Eventually I would make it though, arriving at my hotel in Philadelphia at 7 AM where I was surprised and delighted to find out that my room was ready, and I could thus drop off my suitcase and head over to the show.
Seeing as it was already pretty hot and humid, and I was carrying a few bags of supplies, and I didn’t know exactly where I was headed, I figured I’d offer one of the waiting cabbies 10 bucks to drive me the few hundred years to the A/B Convention Center entrance.
An offer the first driver seemed to think was a real good deal, at least before we drove off with his breakfast on the roof. I know it was there, because at least $10 worth of coffee and donuts dumped all over the windshield as soon as he hit the gas. I really felt bad about that and ended up paying for that too.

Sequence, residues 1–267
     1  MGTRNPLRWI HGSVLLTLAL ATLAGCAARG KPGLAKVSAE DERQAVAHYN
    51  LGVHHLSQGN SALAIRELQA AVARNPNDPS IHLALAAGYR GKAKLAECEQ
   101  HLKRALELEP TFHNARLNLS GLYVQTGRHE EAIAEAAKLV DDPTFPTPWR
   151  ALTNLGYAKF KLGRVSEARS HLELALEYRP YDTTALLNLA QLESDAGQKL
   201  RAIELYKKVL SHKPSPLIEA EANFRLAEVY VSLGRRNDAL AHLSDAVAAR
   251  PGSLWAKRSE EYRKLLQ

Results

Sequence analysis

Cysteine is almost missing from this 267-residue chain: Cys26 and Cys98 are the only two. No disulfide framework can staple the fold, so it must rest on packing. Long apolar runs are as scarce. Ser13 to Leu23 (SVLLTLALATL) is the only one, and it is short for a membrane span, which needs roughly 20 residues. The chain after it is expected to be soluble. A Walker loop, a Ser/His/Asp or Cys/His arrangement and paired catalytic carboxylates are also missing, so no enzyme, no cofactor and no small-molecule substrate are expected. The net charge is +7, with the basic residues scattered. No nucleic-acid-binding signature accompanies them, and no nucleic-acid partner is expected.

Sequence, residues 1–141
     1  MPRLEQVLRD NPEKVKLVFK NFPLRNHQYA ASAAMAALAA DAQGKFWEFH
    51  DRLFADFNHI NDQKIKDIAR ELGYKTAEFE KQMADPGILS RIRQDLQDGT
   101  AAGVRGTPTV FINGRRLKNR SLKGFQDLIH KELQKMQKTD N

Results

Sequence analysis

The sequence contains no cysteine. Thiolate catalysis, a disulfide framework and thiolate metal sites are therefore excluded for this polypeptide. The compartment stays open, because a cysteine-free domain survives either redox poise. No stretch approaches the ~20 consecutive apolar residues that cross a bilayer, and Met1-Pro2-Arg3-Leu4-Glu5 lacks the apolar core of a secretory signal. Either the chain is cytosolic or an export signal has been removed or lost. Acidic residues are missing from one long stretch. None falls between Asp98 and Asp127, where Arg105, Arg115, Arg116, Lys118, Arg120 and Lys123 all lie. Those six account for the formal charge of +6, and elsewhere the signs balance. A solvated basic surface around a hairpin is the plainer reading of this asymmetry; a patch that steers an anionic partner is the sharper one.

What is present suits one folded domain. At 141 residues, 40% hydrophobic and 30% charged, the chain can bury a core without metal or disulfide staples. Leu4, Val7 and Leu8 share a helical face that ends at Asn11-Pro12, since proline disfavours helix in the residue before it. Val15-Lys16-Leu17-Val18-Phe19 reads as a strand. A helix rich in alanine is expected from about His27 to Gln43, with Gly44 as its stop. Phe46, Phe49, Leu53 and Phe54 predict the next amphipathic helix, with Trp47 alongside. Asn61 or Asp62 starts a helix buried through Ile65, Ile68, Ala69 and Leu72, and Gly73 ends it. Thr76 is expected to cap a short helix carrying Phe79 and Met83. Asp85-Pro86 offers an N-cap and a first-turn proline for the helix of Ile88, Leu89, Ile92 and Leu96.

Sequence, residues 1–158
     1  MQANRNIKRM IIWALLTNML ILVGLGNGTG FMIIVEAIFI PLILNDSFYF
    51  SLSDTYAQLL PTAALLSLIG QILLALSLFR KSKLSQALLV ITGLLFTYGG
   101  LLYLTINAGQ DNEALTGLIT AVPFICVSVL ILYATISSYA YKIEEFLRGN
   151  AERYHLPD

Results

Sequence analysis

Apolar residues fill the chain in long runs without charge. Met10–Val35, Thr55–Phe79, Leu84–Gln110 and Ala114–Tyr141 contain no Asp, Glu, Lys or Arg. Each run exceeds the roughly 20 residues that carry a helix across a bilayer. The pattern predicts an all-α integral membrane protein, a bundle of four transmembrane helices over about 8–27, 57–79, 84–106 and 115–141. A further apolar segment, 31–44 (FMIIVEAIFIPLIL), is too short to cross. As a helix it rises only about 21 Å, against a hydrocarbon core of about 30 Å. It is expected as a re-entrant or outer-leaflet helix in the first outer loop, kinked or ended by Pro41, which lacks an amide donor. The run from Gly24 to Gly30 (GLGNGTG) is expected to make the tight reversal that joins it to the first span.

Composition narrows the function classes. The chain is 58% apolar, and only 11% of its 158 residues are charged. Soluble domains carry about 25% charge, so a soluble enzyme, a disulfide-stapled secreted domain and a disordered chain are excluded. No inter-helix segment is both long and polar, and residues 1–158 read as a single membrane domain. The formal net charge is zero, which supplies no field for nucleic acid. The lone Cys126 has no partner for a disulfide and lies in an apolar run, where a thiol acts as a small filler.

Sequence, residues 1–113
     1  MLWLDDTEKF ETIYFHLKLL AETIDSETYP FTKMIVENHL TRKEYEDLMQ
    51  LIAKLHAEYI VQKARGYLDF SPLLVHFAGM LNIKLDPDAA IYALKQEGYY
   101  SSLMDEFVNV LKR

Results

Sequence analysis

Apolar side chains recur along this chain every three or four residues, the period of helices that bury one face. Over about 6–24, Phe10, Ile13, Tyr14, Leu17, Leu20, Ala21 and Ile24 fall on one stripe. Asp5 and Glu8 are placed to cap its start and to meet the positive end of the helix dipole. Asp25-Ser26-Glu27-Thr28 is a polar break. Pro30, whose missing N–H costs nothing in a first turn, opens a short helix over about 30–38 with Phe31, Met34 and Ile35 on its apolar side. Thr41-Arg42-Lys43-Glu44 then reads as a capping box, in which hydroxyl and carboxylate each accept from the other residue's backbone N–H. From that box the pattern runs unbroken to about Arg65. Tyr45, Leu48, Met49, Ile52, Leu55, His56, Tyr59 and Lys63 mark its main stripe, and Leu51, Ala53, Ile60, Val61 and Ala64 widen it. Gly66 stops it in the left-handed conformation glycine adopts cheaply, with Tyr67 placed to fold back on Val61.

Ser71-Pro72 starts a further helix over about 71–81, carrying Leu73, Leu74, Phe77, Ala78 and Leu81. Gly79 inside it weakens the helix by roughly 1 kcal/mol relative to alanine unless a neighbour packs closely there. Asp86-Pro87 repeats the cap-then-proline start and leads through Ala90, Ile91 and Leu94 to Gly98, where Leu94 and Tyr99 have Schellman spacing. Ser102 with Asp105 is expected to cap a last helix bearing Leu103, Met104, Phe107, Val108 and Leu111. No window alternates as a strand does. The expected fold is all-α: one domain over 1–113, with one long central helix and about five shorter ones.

Anyway, he dropped me at the loading dock entrance, and, in a move that was not especially confidence inspiring from a security perspective, I strolled onto the bourse floor for the first time walking straight past everyone despite not having a current badge or credentials.
A situation I rectified by walking out the front door and standing in a disgruntled registration line for 40 minutes to get my shiny new ANA badge, and then walking back onto the bourse to officially start the show at a little after 8.
First observation: It’s a pretty darn big room.
Second observation: They had cordoned off a section of tables for the “Pre-Show”, the seemingly totally extraneous extra few day event that we had signed up for ages ago specifically to ensure that we could be in Philadelphia for 8 days, and to exhaust us before the actual ANA show begins on Tuesday. So there I was, finally ready for business, in a sub-section of the bourse floor which contained not more than 15% of the dealers who will eventually fill the room. A lot of the big national players are here though, despite many of them complaining that this pre-event was neither necessary nor desirable.